Ethereum is the brainchild of Vitalik Buterin, the young developer who has achieved so much with the blockchain he built. On April 1, 2018, Buterin proposed a 120 million hard cap on Ethereum in an apparent April Fool’s joke that had more serious implications. On GitHub, Buterin opened an Ether community debate on the possibility of capping ETH issue at some point. He mooted a final supply of double the ICO takings – 120,204,432 tokens.
Buterin’s argument was that in order to safeguard the economic sustainability of the platform into the unknown future, an agreement of a hard cap for the overall supply of Ether would be necessary. His comments make sense in light of in-house considerations, apart from any typical economic concerns.
The current Ethereum Proof of Work (PoW) protocol is being abandoned for Proof of Stake (PoS). “Issuing new coins to proof of work miners,” Buterin said, “is no longer an effective way of promoting an egalitarian coin distribution or any other significant policy goal.”
Ethereum’s more famous peer, Bitcoin, was built to cap at a fixed 21 million coins. For this reason, investors often refer to BTC as a deflationary coin. More than 80 percent of bitcoin has already been mined, with less than 20 percent of the coins still to be released into circulation. The project was one of the earliest to factor in digital scarcity, and the 21 million bitcoin are likely to increase in value over time.
Buterin’s encapsulation speaks volumes of a project that has very maturely and so far successfully navigated previous fundamental concerns. He made a convincing argument for capping ETH supply, saying that the community would have to decide on what to do.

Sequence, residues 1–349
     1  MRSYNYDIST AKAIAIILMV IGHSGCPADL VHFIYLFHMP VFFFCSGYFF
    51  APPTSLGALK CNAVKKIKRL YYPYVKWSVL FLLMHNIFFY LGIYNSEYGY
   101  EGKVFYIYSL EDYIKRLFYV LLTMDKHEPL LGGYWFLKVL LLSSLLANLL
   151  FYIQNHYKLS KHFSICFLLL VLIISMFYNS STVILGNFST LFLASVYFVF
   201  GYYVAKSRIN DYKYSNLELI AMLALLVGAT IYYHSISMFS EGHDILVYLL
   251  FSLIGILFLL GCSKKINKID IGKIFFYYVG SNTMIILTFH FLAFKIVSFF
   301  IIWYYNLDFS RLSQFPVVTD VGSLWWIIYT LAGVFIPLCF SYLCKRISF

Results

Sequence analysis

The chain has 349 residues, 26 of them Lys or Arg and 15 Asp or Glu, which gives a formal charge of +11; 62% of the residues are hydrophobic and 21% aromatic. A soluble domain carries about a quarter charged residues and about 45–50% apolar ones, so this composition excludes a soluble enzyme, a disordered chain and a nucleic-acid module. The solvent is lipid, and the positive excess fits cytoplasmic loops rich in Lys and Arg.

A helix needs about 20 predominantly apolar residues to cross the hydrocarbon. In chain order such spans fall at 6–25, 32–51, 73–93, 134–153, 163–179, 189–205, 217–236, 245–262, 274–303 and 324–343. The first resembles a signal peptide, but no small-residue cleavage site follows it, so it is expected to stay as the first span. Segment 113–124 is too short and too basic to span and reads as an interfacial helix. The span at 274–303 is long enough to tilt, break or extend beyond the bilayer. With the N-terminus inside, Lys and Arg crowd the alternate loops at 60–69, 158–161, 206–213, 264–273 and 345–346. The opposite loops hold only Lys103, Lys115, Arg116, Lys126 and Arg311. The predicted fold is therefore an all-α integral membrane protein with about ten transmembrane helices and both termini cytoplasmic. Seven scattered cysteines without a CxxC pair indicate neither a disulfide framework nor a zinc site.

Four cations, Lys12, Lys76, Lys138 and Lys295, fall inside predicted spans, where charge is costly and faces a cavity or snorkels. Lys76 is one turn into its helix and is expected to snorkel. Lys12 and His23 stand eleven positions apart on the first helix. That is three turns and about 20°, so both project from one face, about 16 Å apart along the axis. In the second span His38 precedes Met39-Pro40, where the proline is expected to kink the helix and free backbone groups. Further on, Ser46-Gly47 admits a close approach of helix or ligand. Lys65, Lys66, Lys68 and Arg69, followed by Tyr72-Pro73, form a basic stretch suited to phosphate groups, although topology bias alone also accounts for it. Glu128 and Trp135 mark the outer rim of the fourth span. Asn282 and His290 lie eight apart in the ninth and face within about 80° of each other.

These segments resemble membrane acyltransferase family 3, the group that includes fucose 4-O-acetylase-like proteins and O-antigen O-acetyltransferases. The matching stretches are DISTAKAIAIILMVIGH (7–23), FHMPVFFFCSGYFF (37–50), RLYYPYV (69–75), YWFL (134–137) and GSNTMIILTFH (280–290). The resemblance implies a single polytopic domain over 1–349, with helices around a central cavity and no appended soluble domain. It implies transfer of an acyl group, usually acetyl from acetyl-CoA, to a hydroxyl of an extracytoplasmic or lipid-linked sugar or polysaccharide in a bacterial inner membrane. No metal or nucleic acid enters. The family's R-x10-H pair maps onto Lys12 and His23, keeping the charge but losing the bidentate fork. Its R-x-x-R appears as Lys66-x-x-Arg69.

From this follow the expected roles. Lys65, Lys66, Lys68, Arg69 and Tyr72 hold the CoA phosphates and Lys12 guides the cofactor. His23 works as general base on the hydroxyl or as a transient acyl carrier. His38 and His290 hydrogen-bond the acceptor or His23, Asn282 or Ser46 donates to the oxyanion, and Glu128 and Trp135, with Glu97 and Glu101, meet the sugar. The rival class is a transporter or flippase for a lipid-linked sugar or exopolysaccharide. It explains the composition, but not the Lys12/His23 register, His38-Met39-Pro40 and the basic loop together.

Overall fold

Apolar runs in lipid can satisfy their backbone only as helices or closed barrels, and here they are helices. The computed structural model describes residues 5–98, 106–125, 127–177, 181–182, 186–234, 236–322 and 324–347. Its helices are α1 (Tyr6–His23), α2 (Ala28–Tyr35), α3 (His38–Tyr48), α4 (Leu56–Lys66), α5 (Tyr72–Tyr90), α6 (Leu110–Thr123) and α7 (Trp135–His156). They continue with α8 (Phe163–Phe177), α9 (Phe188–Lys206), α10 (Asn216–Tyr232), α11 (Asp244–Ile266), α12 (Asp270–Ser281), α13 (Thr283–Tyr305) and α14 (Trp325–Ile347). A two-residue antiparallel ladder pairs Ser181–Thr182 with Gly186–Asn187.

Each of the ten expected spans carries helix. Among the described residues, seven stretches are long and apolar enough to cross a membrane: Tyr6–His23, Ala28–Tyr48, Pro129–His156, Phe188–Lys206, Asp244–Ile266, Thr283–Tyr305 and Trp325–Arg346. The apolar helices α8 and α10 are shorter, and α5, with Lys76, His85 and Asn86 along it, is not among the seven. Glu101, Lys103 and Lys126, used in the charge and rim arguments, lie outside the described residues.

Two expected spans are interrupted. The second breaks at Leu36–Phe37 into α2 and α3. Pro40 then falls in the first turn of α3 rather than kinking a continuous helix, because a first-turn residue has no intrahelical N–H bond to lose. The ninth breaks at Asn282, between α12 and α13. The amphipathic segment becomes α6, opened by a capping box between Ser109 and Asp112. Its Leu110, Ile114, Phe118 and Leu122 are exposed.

Legacy economy models baulk at the prospect of a limitless money supply. It makes sense that, in a scenario of unlimited supply, any currency is theoretically worthless. While Bitcoin is deflationary, Ethereum isn’t built that way. Beyond strict money supply principles, when every government has a license to print as much fiat as it wishes, what are the real-time implications of endless ether?
Some commentators note that if the project were to cap its coin issue, it might become a lot more attractive to investors. Particularly newcomer legacy investors have steered clear of Ethereum in spite of its massive, real value.
By the same token, many have also steered clear of bitcoin for its volatility, but the fact remains that money supply influences the value of a currency – or should. Anti-legacy enthusiasts are protesting the proposal, but it does seem likely that considerations of ETH’s long-term viability will prevail.
As opposed to the average user experience, those involved with development on the project sustain a different focus and ethos. It’s a short step to fundamental divisions, with the hardcore maintaining that Ethereum is first and foremost a computing system, and currency values and their associated concerns should have no audience. They also point to ether’s purposes around the chain’s security and are heavily ill-disposed towards seeing ETH as a commercial currency, much less a speculative digital asset.
Buterin has shown much charm and persuasion in his dealings with the community and has been broadly successful in steering crucial matters to date. He appears to strike the perfect balance between the average person and the tech experts, and also placates the antis with the same egalitarian stance they insist remains untouched.
Most chat rooms appear a moosh-mash of “a bunch of people arguing pseudo economics with each other,” according to a prominent project developer and firm anti, Nick Johnson. The considerations of whether or not to cap Ethereum tokens is many-hued and often poorly informed by people who have no comprehensive understanding of economics. It appears likely that broader, middle-of-the-road thinking will prevail, and that one day there will be no more ETH to mine.
For the interim, advice in the community is to make hay while the sun shines, and to make the best use of available Ethereum-mining platforms. There is much value to be gleaned yet.